Tuesday, October 16, 2012

Binding tutorial

My winter scene is finally finished. Time for binding.

Now that I am starting to quilt more elaborately, I noticed that I was not sewing my binding strips on in a straight line. I was matching them with the outside edge of the quilt and wondering why it wasn't totally straight at the end. The reason? The quilting has distorted the perfect lines around the edge. My rectangle is now not exactly even.

You can see here how the straight edges have shifted. I put a piece of cardboard against the edge and the line is not even. The solution? Blue marking pen.

I took my quilting ruler and marked new straight lines along the outside edge of the entire quilt. You can make out the blue marking pen on the top left of the above photo.

The bottom edge actually ended up straight, but you can see my straight edge newly marked on the left.
Ok, so now that the new borders are marked out, I need to cut binding strips. This quilt measure 19 x 15 1/2. You add up the lengths of the sides and you get 69 inches total. Then you divide by the length of the fabric. Most are around 42 inches. This particular batik was only 41. The total would then be 1.68. That means I need 2 strips of binding fabric for this quilt. You always average the number up. And if it is really close to the next number (like 1.87 or something similar), add and extra strip because you need to account for seam allowances. Better safe than sorry:)
Joining the strips: I always cut 2 1/4 inch binding strips, as many as you need for the perimeter of the quilt.

Take the first two strips, right sides together and place them together as above, leaving a 1/4" sticking out at each end. Mark the sewing line as above and sew.  Repeat this step for all strips. I don't even take them out of the machine until they are all sewn. I just take the other end of the piece I just sewed and line it up on the next one. Chain piecing basically.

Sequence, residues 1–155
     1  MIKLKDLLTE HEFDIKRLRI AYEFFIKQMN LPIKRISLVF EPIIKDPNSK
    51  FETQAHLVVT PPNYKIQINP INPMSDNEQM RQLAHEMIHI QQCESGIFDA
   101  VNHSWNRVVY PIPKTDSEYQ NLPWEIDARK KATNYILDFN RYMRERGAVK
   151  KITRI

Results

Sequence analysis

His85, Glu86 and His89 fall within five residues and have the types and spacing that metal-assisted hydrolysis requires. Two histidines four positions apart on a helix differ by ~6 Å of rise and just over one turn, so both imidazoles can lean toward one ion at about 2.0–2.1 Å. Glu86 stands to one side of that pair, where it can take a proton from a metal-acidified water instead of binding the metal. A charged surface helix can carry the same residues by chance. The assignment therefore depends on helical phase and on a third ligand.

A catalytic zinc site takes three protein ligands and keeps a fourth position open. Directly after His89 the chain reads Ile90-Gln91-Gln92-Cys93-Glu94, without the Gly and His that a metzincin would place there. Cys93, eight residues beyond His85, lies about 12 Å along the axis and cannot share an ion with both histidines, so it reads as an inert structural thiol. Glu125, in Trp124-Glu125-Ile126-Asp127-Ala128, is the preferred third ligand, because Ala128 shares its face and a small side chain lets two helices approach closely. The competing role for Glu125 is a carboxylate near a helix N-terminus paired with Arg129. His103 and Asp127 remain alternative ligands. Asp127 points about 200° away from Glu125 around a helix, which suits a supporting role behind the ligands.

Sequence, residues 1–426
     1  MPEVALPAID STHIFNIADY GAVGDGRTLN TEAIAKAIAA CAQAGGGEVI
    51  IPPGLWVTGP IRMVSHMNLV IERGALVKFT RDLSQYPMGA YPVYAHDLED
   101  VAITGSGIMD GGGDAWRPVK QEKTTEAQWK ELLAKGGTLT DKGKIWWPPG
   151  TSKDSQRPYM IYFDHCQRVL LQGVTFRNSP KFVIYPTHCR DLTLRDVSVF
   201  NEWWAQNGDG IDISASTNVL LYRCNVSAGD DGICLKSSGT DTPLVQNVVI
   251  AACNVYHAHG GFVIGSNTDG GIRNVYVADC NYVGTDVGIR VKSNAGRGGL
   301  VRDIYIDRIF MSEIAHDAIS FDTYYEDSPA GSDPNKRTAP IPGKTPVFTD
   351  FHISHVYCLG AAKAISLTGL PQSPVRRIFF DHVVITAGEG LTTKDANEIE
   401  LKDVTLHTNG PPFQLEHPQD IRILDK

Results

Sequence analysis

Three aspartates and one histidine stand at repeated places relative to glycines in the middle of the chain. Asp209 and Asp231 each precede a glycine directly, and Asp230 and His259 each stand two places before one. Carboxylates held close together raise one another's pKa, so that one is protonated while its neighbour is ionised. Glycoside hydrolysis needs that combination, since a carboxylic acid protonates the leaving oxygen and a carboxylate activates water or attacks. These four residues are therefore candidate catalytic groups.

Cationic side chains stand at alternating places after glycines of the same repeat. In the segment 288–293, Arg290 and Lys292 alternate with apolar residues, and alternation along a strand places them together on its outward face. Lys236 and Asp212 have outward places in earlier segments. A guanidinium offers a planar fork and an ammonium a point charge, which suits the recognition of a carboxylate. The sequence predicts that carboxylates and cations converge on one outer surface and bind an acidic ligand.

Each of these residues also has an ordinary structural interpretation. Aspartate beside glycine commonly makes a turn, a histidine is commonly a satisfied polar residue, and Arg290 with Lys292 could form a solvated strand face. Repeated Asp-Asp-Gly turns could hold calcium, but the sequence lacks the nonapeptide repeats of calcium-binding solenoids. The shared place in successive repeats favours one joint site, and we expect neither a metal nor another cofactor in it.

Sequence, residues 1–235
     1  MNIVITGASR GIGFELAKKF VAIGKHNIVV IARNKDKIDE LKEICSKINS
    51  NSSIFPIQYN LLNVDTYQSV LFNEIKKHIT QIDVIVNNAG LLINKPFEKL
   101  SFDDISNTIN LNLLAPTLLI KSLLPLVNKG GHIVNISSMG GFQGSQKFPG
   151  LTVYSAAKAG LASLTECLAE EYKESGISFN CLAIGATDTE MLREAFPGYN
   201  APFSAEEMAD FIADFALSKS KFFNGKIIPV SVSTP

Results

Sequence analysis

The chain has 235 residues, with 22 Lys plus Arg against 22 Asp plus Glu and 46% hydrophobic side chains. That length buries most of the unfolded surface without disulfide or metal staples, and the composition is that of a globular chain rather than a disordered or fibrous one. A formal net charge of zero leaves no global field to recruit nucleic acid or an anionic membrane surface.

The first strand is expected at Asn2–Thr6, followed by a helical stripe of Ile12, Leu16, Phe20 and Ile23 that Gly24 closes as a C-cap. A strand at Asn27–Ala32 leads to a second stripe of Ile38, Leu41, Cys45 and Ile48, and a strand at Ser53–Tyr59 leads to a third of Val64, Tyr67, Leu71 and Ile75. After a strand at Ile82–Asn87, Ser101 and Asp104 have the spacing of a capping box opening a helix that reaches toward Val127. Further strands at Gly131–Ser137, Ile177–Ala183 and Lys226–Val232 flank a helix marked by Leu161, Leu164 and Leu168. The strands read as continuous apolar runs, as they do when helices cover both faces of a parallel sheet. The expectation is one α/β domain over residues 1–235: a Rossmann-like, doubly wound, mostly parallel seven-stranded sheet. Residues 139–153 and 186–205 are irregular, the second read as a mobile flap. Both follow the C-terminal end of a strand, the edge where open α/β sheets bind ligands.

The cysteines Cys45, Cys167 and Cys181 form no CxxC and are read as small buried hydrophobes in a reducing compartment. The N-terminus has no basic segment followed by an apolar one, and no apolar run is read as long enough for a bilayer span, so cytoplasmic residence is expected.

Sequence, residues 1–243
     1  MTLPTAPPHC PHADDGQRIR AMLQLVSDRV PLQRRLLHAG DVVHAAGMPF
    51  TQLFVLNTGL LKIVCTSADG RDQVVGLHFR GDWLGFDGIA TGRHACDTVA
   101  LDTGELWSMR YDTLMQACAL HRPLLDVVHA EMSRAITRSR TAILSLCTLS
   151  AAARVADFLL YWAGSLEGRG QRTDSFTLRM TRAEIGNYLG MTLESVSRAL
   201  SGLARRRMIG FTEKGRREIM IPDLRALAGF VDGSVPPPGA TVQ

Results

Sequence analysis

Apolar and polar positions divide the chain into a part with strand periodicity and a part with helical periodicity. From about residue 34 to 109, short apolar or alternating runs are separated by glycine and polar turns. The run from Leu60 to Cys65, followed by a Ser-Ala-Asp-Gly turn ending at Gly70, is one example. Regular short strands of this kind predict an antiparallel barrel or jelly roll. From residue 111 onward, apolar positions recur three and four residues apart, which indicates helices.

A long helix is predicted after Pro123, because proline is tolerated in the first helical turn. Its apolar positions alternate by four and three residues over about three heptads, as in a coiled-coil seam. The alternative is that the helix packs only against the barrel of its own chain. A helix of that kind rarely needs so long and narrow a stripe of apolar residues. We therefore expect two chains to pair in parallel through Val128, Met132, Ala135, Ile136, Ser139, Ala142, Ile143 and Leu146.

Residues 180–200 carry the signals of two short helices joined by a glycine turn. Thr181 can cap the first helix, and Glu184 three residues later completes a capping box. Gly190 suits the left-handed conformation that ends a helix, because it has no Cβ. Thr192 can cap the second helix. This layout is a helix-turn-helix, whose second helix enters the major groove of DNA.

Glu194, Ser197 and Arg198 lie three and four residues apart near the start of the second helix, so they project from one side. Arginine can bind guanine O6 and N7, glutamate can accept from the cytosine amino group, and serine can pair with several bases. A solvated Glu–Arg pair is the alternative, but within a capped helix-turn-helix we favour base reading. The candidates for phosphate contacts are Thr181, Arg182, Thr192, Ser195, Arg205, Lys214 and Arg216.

Then you cut off the outside part of the triangle, just leaving a 1/4" seam allowance. You don't have to measure this, just trim off the excess.

Press the seams out to each side. Then iron the entire single strip with the WRONG sides together.

Pick an end and fold down one corner on the inner side of the strip and iron.

Fold the strip back in half and press again.

Then you can trim the excess part of the triangle, leaving a 1/4 seam allowance as above.

Center your strip, with the open edges facing the outside of the quilt. The folded edge should be toward the inside of the quilt.

Start sewing about 6 inches down from the beginning of the strip using a 1/4 seam allowance. The beginning of the strip will be sewn at the end. Sew to 1/4" from the corner and backstitch a few stitches. I usually don't pin the binding on at this point, just line it up with my hands (along the blue line). You can mark the 1/4" stopping point if you have trouble eyeballing it. Cut your thread and remove the quilt from the machine, tying off your loose threads and cutting them.

Place the quilt in front of you so it looks like the above photo. Pull the binding strip straight up and then straight down. Place a pin in it. There should be a fold at the top.

Start sewing at the very edge. You don't need any seam allowances here. You can see the blue line on the right. I line up the right edge of the binding with this line as I go along.
Continue the above steps until you get to the last side, where you started.

In the above photo, you can see that my binding strip overlaps the beginning of the strip. I've marked on my strip where I will make the cut. Give yourself an inch or so past the straight edge on the earlier strip. You will be tucking the top strip into the bottom one.

Cut your fabric and tuck it into the beginning strip.

It helps to pin the last few inches once you've tucked them all together so the layers don't shift.

Sew just past where you start stitching in the beginning and tie off all loose threads.

Now the quilt should look something like this. The binding is all sewn in one continuous strip now.

Get out your rotary cutter and ruler. Cut about 3/8" from the line where you sewed your binding strip on.
Now all the excess batting and backing fabric is cut off and you are almost ready to sew the binding to the back. This is done by hand. I highly recommend the ladder stitch. It is almost invisible to the eye.
Here is a great ladder stitch tutorial that I found to be very helpful.

Turn your quilt over and bring the binding strip over from the front, encasing the raw edges. Find the center of a side and pin.

Continue pinning toward the left, pinning just over the line of stitching where you machine stitched the binding on. Pin until you get to the perpendicular line of stitching.

Starting on the next side, fold the binding over. You should have a nice mitered corner now.

Continue pinning around all corners until your quilt looks like this. All you have to do now is hand stitch it down using the ladder stitch. I recommend hand quilting thread if you have it because of its strength, but regular sewing thread will work as well. Good luck!

1 comment:

  1. great tutorial.
    I cut my batting and backing before I put the binding on but I don't think my way or your way is wrong. I guess it is what you like to do.
    I do use 2 1/4" wide binding too.
    I end my binding differently too but it is too hard to explain but your way is great too.
    thanks for sharing that link. very interesting.